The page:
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Building an Expensive-Looking Self-Storage Facility Without All the Expense

By Steve Hajewski Comments

As you read the trade magazines, you probably can’t help but notice that the bar has been raised for self-storage. Some large multi-level facilities have lobbies that look like those of high-end hotels. But the reality for most new projects is far more modest. Across the United States and beyond, basic single-story buildings with a low-pitch roof remain the workhorse of the industry. Economic to buy, easy to build and adaptable to the available land, the majority of sites use these buildings.

As storage developers look to build in more prominent locations geared toward commercial or retail development, planning commissions are requiring them to step up their game to build more attractive sites. This isn’t a bad thing, as curb appeal can be an important factor in your customer’s decision on where to rent. The good news is with the right planning, those value-oriented, single-story buildings can still play a major role in an attractive site. With that in mind, here’s a look at some approaches to achieve a high-end look without breaking the bank.

Buy the Land Right

Before we talk about the buildings, let’s back up and consider the land purchase. As you look for land, prices can be all over the board. Location is critical, but also consider the value of existing infrastructure. For example, if you need to build a pond for storm-water retention, you could be looking at expenses into the tens of thousands of dollars, not to mention the extra time to engineer and excavate. A more expensive parcel of land with infrastructure in place may actually be less costly overall.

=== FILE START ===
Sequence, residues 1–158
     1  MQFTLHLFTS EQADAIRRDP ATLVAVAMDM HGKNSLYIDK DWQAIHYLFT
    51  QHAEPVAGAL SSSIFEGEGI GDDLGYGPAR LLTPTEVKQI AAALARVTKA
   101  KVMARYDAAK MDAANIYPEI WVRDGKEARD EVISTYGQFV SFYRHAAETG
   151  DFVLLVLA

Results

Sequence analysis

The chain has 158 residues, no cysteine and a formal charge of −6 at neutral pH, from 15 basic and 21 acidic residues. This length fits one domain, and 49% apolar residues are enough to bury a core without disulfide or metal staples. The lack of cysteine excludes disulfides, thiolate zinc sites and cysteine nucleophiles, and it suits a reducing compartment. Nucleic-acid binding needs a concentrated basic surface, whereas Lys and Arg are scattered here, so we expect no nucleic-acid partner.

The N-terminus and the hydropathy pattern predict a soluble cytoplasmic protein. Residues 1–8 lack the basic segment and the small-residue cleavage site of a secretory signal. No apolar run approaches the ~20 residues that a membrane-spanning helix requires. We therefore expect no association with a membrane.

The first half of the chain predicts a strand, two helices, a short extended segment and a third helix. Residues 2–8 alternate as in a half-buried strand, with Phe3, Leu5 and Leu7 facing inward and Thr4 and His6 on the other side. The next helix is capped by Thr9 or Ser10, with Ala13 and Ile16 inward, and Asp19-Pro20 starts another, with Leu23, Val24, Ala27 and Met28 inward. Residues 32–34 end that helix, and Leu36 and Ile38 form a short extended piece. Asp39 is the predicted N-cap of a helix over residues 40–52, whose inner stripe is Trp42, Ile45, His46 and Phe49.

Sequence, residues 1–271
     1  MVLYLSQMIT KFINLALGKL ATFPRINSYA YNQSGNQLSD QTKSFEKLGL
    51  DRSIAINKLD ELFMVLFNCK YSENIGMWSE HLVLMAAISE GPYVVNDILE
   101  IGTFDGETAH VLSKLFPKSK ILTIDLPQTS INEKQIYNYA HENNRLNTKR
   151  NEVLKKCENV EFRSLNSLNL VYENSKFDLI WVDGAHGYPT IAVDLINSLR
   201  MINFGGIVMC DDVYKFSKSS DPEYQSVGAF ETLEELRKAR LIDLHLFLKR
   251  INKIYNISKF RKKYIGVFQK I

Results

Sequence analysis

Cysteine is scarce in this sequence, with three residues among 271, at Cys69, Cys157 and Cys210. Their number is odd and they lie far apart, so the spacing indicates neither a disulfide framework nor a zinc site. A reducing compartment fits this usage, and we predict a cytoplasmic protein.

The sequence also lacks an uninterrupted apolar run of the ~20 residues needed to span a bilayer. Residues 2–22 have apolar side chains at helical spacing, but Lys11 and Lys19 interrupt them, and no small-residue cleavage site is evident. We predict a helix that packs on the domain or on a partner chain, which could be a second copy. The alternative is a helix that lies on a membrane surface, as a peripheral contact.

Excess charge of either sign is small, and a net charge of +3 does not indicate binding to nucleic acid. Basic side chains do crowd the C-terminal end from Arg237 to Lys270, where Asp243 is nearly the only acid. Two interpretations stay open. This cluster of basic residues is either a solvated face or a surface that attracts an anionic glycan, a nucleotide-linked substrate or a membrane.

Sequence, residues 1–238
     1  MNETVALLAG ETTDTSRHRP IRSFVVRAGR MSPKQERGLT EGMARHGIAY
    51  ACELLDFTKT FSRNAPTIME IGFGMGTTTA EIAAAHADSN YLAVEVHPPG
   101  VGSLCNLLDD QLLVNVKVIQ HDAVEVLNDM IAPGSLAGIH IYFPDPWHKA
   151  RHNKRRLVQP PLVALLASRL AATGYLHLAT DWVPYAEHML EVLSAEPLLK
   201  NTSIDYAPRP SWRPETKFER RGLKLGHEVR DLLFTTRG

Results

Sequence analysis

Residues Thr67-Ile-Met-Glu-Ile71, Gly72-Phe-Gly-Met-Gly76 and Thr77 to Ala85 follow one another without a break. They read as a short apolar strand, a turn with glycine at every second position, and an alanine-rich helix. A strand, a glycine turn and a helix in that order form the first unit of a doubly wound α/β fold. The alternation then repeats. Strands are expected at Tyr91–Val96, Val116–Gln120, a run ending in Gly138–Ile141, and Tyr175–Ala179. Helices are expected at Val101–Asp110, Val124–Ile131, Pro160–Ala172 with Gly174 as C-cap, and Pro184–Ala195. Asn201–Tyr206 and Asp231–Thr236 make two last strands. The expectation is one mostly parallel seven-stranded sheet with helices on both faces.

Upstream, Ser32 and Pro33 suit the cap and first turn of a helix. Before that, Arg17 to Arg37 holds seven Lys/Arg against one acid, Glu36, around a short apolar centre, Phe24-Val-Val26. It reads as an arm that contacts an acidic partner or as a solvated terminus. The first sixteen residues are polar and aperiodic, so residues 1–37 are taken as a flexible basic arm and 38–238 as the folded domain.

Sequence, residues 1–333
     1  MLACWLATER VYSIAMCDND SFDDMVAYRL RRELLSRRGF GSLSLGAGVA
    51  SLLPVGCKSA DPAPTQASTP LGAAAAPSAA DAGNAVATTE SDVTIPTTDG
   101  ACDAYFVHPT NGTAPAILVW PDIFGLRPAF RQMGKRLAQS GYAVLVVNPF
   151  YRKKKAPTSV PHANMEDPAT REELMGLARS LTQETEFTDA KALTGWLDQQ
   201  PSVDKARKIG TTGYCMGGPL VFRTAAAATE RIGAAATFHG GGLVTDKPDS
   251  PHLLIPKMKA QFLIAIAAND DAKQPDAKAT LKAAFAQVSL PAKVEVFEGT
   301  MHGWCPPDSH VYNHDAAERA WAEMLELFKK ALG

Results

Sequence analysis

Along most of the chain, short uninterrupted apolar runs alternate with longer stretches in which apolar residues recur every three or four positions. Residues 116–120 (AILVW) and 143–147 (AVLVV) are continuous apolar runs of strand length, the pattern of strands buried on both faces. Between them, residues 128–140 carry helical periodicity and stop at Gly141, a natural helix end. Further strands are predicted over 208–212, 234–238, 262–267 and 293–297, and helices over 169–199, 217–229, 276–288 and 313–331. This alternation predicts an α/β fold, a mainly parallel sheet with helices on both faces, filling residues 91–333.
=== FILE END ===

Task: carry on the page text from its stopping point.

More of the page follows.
One pitfall a developer can face in buying land is to go too far into the process without having an accepted offer in place. You don’t want to close on a land purchase until you’re certain the municipality has granted A parapet wall like this one at Self-Storage of Brookfield in Wisconsin extends beyond the roofline to create the illusion of a more substantial building. In this example, faux windows and a combination of brick/stone panel have also been applied to the end wall. permits to build. Don’t spend any significant amount of money on site design or engineering until you have an offer to purchase accepted by the seller, and you give yourself enough due-diligence time to arrange details such building plans, permits and financing. Check with your local municipality to determine the permitting timeframe. It will probably take longer than you think.

Add a Façade

One of the easiest ways to dress up a basic building is to add a façade to an endwall. These can also feature parapet walls (those that extend taller than the roofline) to give a building more visual interest or conceal a roofline. Some common finishes to apply at an endwall are faux stone, brick or stucco. When choosing a finish, consider the maintenance expense over time. Additionally, consider the weight and its impact on your foundation design. Faux brick works with a floating slab, but real brick would generally require a more costly foundation design.

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